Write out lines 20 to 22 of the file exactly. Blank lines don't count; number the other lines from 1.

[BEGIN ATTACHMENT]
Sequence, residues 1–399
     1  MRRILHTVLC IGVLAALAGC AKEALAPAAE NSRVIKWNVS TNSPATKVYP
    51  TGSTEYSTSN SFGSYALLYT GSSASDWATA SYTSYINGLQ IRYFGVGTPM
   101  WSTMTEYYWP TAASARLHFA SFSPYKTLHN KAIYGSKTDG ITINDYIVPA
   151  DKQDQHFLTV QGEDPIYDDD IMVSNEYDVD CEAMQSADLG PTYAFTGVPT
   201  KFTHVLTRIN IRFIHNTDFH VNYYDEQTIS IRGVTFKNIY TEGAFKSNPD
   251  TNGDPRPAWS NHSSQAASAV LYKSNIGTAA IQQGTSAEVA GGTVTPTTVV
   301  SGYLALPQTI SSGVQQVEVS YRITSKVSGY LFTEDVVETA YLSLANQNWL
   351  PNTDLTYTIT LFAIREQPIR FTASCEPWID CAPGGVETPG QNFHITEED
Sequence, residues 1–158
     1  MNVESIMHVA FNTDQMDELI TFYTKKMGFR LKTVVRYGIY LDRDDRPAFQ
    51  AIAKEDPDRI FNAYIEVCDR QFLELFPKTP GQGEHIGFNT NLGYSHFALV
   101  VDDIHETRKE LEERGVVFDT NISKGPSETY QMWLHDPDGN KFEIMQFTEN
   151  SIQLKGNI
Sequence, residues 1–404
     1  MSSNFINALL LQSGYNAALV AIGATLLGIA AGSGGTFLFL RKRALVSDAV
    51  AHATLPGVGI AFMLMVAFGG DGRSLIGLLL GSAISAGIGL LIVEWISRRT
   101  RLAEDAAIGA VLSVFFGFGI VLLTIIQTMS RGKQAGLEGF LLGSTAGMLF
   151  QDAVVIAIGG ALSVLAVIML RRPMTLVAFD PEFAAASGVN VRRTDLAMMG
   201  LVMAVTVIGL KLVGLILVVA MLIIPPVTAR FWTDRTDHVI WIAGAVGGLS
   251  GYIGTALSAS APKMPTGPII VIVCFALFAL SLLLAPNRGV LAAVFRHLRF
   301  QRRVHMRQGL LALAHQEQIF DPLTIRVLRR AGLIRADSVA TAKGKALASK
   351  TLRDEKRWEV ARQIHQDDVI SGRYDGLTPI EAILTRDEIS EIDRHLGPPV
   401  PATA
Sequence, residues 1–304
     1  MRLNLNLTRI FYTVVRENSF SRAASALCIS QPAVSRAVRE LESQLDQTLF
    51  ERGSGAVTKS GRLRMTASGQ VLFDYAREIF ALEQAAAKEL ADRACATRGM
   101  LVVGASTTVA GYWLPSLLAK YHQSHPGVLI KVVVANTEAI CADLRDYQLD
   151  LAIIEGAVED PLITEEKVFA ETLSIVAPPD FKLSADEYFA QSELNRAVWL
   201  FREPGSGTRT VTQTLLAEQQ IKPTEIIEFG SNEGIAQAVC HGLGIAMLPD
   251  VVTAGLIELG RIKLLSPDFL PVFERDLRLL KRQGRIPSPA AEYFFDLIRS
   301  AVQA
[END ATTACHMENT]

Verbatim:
   201  LVMAVTVIGL KLVGLILVVA MLIIPPVTAR FWTDRTDHVI WIAGAVGGLS
   251  GYIGTALSAS APKMPTGPII VIVCFALFAL SLLLAPNRGV LAAVFRHLRF
   301  QRRVHMRQGL LALAHQEQIF DPLTIRVLRR AGLIRADSVA TAKGKALASK